You'll go far if you're dedicated, determined and willing to work a bit of overtime, but you can take it too far. Take this quiz to find out if you're spending too much time tucked inside a cubicle, neglecting everything (and everyone) else in your life.
How many hours per day should you spend at work?
Clocking in a bit of OT every now and again is a good thing, but working after hours every day can take a toll on you. Ideally, you should be working 8 to 8 1/2 hours per day. If all your daylight hours are spent inside an office, or you consider your 40-hours-per-week colleagues part-time employees, you're a workaholic.
Your son's birthday is the day after tomorrow, but so is a major work-related deadline. Your job has been taking up so much of your time, you haven't even picked out his present yet. What do you do?
Not surprisingly, workaholics tend to focus on work first and foremost. If you're a true workaholic, leaving early is out of the question, and even taking the time to search for a gift online is asking too much. But here's a hint: Stuffed animals and hastily purchased Internet goods aren't enough, and your family relationships are going to suffer if you can't take time for life outside the office.
Which of the following personality traits best describes you?
Most workaholics are not easygoing, carefree people. They tend to be perfectionists and enjoy the feeling of control that work gives them. Of course, that doesn't mean they'll admit to it. If you describe yourself as an easygoing type but others view you as bossy or work-obsessed, take some time off to restore your sanity!
You work to:
Workaholics live to work, not work to live. Many focus on their work to avoid problems in their personal lives, such as a bad relationship or fear of commitment. Just try to remember that you're at the office to earn a paycheck, not run the company (and even if you do actually run the company, you still need to take a break).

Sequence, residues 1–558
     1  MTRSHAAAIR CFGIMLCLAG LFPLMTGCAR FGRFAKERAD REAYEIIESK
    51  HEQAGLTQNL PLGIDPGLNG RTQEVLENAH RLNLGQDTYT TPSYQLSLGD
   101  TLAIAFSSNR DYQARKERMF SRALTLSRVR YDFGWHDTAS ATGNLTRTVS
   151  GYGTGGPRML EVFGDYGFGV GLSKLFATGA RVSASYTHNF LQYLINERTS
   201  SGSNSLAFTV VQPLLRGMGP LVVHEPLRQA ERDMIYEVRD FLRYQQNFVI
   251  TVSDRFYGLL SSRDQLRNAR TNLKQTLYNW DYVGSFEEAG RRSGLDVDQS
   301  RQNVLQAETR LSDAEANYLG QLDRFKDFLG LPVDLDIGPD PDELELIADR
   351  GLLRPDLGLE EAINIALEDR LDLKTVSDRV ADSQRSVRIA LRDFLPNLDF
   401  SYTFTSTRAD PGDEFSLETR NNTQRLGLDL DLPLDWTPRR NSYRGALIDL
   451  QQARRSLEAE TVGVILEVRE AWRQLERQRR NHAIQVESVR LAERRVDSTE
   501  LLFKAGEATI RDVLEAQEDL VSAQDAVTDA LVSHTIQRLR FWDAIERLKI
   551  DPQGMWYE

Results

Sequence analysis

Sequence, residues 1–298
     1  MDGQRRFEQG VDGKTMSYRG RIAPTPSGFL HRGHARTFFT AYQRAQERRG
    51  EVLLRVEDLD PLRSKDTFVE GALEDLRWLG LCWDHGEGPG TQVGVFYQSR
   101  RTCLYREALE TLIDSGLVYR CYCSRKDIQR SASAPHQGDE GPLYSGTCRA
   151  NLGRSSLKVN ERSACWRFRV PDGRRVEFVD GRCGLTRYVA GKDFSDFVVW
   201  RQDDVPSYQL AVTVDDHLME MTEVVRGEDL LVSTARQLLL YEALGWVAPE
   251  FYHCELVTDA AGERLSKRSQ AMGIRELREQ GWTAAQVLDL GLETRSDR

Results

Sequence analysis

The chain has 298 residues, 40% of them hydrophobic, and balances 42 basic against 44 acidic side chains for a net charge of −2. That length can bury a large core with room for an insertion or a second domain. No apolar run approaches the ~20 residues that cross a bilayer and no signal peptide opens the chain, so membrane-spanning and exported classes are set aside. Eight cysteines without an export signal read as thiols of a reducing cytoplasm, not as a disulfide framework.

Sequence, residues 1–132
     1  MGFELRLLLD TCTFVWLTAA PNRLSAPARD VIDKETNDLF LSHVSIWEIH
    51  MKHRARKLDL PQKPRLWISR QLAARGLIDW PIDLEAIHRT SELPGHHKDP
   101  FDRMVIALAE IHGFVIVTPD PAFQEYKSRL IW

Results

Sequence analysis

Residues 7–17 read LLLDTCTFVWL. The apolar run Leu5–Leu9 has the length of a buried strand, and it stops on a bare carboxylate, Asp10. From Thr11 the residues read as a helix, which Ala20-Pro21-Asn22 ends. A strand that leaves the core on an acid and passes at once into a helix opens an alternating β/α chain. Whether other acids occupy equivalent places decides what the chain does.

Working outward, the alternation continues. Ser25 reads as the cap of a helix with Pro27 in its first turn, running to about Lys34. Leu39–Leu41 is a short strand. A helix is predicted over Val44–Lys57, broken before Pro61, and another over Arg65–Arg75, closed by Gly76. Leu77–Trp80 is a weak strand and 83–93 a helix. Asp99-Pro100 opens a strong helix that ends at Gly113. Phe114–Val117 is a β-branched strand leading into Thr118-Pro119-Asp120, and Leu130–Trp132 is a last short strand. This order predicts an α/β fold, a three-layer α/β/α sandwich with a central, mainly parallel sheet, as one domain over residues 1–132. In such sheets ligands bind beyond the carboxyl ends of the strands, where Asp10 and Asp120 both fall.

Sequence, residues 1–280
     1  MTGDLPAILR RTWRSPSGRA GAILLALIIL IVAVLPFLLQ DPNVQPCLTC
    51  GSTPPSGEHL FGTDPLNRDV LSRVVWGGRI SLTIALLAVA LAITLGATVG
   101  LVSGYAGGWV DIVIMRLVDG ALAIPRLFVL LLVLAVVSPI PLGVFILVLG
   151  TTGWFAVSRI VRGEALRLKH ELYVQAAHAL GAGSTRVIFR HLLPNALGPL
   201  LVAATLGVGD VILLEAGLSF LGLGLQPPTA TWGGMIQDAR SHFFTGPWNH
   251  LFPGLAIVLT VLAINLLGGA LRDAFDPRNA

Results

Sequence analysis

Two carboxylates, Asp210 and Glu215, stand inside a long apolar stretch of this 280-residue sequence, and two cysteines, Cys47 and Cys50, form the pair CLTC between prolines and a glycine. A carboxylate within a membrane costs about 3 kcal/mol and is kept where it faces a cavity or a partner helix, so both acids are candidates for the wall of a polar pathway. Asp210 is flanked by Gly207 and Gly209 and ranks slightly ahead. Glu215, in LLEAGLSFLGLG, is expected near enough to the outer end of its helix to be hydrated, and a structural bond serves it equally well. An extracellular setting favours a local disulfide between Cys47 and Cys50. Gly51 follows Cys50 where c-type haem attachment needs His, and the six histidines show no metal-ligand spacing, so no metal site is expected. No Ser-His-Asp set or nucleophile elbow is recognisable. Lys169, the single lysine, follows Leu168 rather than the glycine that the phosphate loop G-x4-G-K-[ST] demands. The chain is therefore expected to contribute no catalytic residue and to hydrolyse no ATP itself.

You spend most of your time at the office:
There's nothing wrong with rolling up your sleeves to focus on and finish the task at hand, but if you spend much of the workday focusing on trivial details no one else cares about or trying to find more work to do, you're a workaholic. In fact, even though you probably work longer hours, chances are you're more inefficient than your fellow 9-to-5ers.
Working long hours tends to make you feel:
If your principle means of solace is work, watch out. Workaholics feel most at peace on the job. They may complain about not having a social life or gripe about keeping long hours, but they never do anything about it. So if that sounds even a bit like you, go home early, call some friends and go out on the town. You'll be better for it -- and so will the quality of your work!
When you're not working, you tend to feel:
Workaholics only feel at ease while working, so their time away from the office is usually burdened with feelings of anxiety and restlessness. This, of course, tends to make them tired, grouchy and less efficient on the job, though they'll never admit it. If you find yourself jonesing for a job fix in the long hours of the evening, it's time to take an impromptu leave of absence.
While waiting for a coworker to finish a task, you:
Despite the countless studies that show workaholics are inefficient employees, workaholics are always convinced they're the only ones who can do the job right and that all the rest of their coworkers are incompetent. They try to tell everyone else how to do their job, so they're frustrating to work with and make poor bosses. Therefore, if you're convinced you're the only one who knows how to do your colleagues' jobs, there's a good chance the office's biggest problem is you, not them.
During your lunch break, you usually:
Workaholics tend to eat, breathe, and sleep their job, so if you can't stop working long enough to eat a little lunch, chances are you're a workaholic. Other signs you work a little too much? You converse about your job nonstop. No one likes a one-trick work pony, so if this sounds like you, gallop away from the office and graze the fields of other, more interesting thoughts and topics.
You're most comfortable when your workload is:
Since workaholics feel most at ease on the job, they tend to overcommit themselves. They live for impossible workloads, mountains of pressure and stress, but by taking on more than they can handle, they often end up burning themselves out and do a disservice to their employer. Focused workers prefer manageable workloads; anything too light can lead to boredom and frustration. Bottom line? You should breathe a sigh of relief, not have a nervous breakdown, when you finish an assignment.
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